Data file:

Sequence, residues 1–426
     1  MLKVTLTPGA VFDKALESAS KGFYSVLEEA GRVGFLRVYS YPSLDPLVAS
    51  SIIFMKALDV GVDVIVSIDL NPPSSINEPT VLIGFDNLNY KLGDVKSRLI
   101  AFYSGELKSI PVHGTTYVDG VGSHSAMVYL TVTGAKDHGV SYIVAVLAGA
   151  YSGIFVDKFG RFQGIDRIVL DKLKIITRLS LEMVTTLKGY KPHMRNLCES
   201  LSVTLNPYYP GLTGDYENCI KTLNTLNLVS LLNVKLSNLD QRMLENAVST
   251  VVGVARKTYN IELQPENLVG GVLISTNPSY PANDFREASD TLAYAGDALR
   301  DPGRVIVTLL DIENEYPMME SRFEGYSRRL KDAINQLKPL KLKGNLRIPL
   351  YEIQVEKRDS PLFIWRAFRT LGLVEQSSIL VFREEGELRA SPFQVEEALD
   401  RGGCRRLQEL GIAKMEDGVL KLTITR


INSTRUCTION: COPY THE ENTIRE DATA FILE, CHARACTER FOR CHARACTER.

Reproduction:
Sequence, residues 1–426
     1  MLKVTLTPGA VFDKALESAS KGFYSVLEEA GRVGFLRVYS YPSLDPLVAS
    51  SIIFMKALDV GVDVIVSIDL NPPSSINEPT VLIGFDNLNY KLGDVKSRLI
   101  AFYSGELKSI PVHGTTYVDG VGSHSAMVYL TVTGAKDHGV SYIVAVLAGA
   151  YSGIFVDKFG RFQGIDRIVL DKLKIITRLS LEMVTTLKGY KPHMRNLCES
   201  LSVTLNPYYP GLTGDYENCI KTLNTLNLVS LLNVKLSNLD QRMLENAVST
   251  VVGVARKTYN IELQPENLVG GVLISTNPSY PANDFREASD TLAYAGDALR
   301  DPGRVIVTLL DIENEYPMME SRFEGYSRRL KDAINQLKPL KLKGNLRIPL
   351  YEIQVEKRDS PLFIWRAFRT LGLVEQSSIL VFREEGELRA SPFQVEEALD
   401  RGGCRRLQEL GIAKMEDGVL KLTITR